This sense is remarkably pervasive in some groups.  47% of over 65 year olds and 47% of red top readers named immigration as the single most important issue facing Britain today.  66% of Conservative voters and 82% of UKIP voters named it as one of the top three most important issues facing Britain today.  Make no mistake, having a clear policy on immigration that commands public confidence is going to be vital for all political parties in this Parliament.  So far none of the parties seem to have come anywhere near giving the public confidence in their policies.

In this respect, the British public are remarkably European (though with far less justification than much of their fellow EU citizens).  Britain is mid-table in the EU in terms of the percentage of residents who are citizens of other countries and Britain is now accepting around just 4% of new asylum applications in the EU.  Hungary detained as many migrants in a day this week as Britain this year has been averaging for asylum applications in a month.  50,000 arrived in Greece in July alone.  Germany is expecting 800,000 asylum applications this year.  These numbers give some context to the British immigration figures cited above.

This pressure on the EU is not likely to subside any time soon and the UN is urging EU member states to share the burden equitably.  Jean-Claude Juncker is also looking for an EU-wide solution (he might have better luck if he didn’t gratuitously insult the Prime Minister of one of the countries whose co-operation he is now seeking).

So Britain is going to come under renewed pressure from the rest of the EU to take more asylum seekers.  This is unlikely to go down well at home, to put it mildly.

Staying a step ahead

The Prime Minister has a short term problem of calming public fears, which are mostly unjustified.  He has a medium term problem that the EU is going to be pressuring Britain to take far more asylum seekers, which most British people see no justification for.  And he has a long term problem that he has no clear public message to give about the level of immigration that Britain can expect and deal with, nor of how to stem the influx into Europe of refugees.  Right now, he does not obviously have a plan to deal with any of these.

Against this background, you would expect the Conservatives to be suffering in the polls.  Far from it.  Labour take a more pro-immigration approach than the Conservatives, so are poorly placed to benefit (Jeremy Corbyn believes that migration is a “global phenomenon” and that non-EU immigration into the UK “is mainly family reunion issues”).  Despite UKIP having majored heavily on immigration control, UKIP’s poll ratings haven’t flickered in the last few weeks: perhaps Nigel Farage’s post-election antics have put some off; more likely, UKIP’s absence from the airwaves has left voters not making the connection between their concern about immigration and UKIP.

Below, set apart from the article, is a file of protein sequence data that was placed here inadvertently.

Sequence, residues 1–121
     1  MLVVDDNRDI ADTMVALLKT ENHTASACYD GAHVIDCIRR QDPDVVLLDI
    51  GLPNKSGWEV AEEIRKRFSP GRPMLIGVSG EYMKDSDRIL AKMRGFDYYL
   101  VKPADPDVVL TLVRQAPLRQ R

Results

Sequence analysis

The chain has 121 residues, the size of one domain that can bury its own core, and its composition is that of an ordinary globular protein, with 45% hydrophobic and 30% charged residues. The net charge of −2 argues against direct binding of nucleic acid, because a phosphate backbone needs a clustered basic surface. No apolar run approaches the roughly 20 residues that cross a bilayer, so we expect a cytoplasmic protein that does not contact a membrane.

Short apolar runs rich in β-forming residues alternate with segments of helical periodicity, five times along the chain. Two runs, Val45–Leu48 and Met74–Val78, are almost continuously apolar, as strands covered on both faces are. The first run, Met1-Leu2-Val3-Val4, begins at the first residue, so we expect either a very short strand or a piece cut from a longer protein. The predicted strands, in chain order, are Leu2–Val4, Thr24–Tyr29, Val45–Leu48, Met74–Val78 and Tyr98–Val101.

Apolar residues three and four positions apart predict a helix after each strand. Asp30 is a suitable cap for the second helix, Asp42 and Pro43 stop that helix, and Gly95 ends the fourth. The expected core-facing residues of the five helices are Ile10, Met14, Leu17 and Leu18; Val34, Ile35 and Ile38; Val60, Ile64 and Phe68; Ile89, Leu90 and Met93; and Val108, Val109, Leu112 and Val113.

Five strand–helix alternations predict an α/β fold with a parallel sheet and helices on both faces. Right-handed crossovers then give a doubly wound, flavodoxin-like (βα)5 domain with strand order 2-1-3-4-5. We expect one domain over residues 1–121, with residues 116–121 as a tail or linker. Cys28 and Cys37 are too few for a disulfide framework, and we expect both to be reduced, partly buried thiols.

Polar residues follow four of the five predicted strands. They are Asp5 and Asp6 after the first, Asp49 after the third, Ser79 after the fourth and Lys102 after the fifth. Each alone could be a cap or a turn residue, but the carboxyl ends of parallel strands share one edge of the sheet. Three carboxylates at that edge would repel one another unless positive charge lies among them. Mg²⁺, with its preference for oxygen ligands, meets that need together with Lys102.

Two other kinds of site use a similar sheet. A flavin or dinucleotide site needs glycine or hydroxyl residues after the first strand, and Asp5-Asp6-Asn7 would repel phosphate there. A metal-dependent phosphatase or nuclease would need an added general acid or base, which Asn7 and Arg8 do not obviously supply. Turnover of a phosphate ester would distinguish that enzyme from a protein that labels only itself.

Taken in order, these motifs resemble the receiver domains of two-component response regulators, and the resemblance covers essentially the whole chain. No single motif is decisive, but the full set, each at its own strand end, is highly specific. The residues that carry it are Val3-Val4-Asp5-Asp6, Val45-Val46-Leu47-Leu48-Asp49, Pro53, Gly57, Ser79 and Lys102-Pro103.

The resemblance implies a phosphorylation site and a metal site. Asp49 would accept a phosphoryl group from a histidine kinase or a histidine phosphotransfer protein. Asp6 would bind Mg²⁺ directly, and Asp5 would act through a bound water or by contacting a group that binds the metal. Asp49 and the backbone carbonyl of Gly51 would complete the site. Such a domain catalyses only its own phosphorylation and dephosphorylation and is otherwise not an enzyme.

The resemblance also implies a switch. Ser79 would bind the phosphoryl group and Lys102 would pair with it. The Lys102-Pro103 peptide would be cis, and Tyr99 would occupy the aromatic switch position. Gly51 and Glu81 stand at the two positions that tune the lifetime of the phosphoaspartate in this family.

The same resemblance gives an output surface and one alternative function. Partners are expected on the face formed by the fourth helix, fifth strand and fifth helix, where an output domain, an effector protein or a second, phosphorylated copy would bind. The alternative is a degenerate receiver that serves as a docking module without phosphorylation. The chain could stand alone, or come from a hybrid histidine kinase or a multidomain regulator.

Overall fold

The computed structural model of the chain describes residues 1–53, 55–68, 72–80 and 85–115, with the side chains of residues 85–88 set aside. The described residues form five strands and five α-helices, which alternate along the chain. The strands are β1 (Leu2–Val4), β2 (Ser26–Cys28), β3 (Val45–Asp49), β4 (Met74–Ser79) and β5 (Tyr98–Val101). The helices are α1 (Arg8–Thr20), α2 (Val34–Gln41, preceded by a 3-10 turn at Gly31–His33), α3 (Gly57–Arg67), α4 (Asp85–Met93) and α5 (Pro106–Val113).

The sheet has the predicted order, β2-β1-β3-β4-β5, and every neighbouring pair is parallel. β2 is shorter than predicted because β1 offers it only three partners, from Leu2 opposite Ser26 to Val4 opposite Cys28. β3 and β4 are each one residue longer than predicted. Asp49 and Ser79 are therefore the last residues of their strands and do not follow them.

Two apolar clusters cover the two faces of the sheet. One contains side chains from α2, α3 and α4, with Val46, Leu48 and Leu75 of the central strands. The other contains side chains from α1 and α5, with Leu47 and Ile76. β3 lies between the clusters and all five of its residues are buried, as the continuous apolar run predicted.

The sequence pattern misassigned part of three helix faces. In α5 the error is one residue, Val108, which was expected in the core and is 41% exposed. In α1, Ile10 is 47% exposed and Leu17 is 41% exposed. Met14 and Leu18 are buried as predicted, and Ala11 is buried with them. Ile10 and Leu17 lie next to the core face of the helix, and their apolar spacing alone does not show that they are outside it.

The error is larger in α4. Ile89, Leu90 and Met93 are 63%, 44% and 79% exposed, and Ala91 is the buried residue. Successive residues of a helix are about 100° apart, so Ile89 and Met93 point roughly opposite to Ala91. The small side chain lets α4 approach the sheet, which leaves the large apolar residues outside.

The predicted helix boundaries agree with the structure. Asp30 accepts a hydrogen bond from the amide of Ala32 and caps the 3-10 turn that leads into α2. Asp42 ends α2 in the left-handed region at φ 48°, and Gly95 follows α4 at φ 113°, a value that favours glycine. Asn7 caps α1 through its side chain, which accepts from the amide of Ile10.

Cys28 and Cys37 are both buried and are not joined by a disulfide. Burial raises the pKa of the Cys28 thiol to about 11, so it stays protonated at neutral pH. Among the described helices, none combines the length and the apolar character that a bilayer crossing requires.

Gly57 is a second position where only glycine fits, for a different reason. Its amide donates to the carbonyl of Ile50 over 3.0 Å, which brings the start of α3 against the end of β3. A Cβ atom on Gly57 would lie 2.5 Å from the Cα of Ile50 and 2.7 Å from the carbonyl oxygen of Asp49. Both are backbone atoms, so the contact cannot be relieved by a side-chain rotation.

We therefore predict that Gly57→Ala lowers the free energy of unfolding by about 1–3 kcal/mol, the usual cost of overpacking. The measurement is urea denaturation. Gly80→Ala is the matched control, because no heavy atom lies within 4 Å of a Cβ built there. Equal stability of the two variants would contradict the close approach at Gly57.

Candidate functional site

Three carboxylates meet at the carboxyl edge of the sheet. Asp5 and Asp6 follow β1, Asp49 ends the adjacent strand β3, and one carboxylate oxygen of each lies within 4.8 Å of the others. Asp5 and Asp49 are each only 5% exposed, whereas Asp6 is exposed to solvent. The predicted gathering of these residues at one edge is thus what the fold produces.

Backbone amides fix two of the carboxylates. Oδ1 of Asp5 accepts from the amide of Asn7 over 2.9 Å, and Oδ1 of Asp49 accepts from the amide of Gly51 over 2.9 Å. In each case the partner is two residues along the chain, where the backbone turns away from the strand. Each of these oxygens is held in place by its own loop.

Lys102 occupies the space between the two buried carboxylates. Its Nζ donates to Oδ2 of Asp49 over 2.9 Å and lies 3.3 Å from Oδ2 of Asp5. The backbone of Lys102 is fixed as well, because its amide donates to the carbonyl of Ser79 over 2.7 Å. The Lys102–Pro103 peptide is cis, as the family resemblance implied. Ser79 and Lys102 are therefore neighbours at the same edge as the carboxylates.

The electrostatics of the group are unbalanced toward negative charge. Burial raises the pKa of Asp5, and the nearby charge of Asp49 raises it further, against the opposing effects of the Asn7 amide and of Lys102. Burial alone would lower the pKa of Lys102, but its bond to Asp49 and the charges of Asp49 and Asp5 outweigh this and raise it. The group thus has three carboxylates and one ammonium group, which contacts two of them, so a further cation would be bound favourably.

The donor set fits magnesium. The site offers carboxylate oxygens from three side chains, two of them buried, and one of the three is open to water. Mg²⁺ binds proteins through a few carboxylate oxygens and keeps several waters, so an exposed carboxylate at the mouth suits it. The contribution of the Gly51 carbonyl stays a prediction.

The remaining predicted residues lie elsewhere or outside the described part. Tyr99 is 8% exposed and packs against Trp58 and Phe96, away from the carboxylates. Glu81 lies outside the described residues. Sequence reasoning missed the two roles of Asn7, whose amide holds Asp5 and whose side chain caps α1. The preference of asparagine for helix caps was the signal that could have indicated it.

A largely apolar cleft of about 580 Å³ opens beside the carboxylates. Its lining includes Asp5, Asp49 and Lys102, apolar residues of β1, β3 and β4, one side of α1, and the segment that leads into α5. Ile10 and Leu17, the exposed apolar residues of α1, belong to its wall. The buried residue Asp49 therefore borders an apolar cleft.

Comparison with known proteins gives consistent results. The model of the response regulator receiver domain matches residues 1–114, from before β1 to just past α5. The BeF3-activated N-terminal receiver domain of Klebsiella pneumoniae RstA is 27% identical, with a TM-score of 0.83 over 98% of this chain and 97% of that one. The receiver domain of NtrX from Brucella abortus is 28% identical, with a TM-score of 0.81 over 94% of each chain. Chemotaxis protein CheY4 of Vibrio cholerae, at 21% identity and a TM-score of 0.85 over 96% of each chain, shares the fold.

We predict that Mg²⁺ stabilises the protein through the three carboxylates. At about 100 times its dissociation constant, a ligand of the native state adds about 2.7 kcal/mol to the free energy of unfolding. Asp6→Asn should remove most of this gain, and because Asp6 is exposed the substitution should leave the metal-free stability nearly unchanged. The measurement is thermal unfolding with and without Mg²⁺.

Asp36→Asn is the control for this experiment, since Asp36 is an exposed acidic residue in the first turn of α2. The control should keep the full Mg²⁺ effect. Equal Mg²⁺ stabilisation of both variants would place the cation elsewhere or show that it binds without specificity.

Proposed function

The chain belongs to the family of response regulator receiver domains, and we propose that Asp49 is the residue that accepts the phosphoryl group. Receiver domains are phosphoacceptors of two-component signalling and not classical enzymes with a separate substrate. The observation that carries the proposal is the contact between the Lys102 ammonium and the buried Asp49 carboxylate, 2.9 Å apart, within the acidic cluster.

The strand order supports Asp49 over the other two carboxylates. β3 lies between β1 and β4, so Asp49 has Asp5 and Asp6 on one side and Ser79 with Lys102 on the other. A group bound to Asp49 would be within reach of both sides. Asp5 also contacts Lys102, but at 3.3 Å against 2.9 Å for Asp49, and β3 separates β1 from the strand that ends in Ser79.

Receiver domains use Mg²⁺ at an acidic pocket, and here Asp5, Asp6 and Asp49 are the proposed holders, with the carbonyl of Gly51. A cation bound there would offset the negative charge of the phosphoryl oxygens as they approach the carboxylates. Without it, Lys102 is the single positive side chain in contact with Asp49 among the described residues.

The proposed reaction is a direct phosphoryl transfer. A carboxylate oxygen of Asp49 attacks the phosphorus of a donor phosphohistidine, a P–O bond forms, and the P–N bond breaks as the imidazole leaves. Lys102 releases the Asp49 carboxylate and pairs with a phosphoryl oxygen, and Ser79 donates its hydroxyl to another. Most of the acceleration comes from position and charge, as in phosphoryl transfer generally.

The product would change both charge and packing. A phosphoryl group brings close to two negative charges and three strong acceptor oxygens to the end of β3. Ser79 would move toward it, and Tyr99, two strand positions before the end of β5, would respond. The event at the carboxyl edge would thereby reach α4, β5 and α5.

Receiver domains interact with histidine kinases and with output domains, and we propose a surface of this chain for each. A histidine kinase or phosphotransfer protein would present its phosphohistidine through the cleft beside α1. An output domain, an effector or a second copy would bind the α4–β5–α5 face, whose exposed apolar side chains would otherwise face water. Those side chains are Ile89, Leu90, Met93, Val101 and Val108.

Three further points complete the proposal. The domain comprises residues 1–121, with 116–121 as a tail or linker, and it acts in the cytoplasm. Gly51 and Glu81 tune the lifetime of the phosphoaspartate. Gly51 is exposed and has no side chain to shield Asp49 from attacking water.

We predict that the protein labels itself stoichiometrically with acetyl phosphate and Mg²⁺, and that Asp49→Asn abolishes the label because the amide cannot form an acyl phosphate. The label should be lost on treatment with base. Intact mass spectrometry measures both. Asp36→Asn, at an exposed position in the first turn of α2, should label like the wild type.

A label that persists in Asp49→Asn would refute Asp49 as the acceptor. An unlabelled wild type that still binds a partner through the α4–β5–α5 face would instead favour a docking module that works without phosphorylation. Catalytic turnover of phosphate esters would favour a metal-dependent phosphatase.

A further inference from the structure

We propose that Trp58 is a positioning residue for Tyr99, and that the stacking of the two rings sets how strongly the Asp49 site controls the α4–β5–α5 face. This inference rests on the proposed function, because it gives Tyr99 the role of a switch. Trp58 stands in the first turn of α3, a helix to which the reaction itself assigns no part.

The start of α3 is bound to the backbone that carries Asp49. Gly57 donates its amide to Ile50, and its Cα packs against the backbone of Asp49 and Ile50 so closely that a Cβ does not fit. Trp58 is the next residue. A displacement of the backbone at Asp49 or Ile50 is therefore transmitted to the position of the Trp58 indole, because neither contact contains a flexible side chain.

In the absence of any meaningful opposition, the Conservatives’ poll ratings are buoyant.  This will not last if the public conclude that they are out of their depth on what they regard as the number one issue confronting Britain.  Anti-immigrant parties of different degrees of nativism have been polling well in countries as diverse as France, Sweden, Hungary and Denmark.  With UKIP angling to fill that space in Britain, the Conservatives probably only have a short breathing space.

How should they use it?  Their great difficulty is that the Prime Minister’s past commitments on immigration have been comprehensively broken so his word is going to be disbelieved by many on this subject.  So they need to concentrate on actions rather than words.  The increased urgency at an EU level could assist the Prime Minister.  If he can get substantive movement on intra-EU migration, he may well be inclined to agree to take more asylum-seekers (he could triple the annual number and still Britain would have fewer asylum seekers than it had in 2012).  But the progress would need to be in that order to make it saleable to the British public.  And it assumes that David Cameron is looking for substantive change of the EU rather than something cosmetic.

That would probably see David Cameron’s term as Prime Minister out.  If he does not achieve something on this front, he could rapidly find his second term unravelling.  He tends to get tripped up by subjects that he’d not been focussing on.  This could be his downfall.

In the long term, the EU is certain to continue to face a continual trail of huddled masses.  This is not a function of the world becoming more disordered (the opposite is true) but of increased mobility, enabling wealthier asylum seekers and economic migrants to seek out their preferred destination to make a new life.  They cannot be blamed on an individual level – we would probably do the same ourselves in their shoes – but the social consequences and the levels of asylum seekers and migration that we and our European neighbours can live with as a society will need to be addressed and readdressed for many years.  This is a discussion that has barely started in Britain.